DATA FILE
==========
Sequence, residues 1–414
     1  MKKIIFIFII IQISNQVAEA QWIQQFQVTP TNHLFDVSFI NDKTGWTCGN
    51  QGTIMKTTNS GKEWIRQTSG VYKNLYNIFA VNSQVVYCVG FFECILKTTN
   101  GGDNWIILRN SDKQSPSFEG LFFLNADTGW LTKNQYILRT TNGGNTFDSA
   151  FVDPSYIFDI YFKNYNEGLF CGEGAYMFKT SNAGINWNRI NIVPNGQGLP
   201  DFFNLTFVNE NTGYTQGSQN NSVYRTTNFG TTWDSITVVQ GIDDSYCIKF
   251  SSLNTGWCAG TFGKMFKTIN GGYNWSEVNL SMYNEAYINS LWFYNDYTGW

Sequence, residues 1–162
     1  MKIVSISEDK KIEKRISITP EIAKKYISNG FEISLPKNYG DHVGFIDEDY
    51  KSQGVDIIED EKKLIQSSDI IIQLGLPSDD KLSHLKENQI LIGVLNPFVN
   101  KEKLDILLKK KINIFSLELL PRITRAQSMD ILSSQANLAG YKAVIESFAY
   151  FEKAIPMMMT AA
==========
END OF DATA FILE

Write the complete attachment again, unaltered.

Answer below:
Sequence, residues 1–414
     1  MKKIIFIFII IQISNQVAEA QWIQQFQVTP TNHLFDVSFI NDKTGWTCGN
    51  QGTIMKTTNS GKEWIRQTSG VYKNLYNIFA VNSQVVYCVG FFECILKTTN
   101  GGDNWIILRN SDKQSPSFEG LFFLNADTGW LTKNQYILRT TNGGNTFDSA
   151  FVDPSYIFDI YFKNYNEGLF CGEGAYMFKT SNAGINWNRI NIVPNGQGLP
   201  DFFNLTFVNE NTGYTQGSQN NSVYRTTNFG TTWDSITVVQ GIDDSYCIKF
   251  SSLNTGWCAG TFGKMFKTIN GGYNWSEVNL SMYNEAYINS LWFYNDYTGW

Sequence, residues 1–162
     1  MKIVSISEDK KIEKRISITP EIAKKYISNG FEISLPKNYG DHVGFIDEDY
    51  KSQGVDIIED EKKLIQSSDI IIQLGLPSDD KLSHLKENQI LIGVLNPFVN
   101  KEKLDILLKK KINIFSLELL PRITRAQSMD ILSSQANLAG YKAVIESFAY
   151  FEKAIPMMMT AA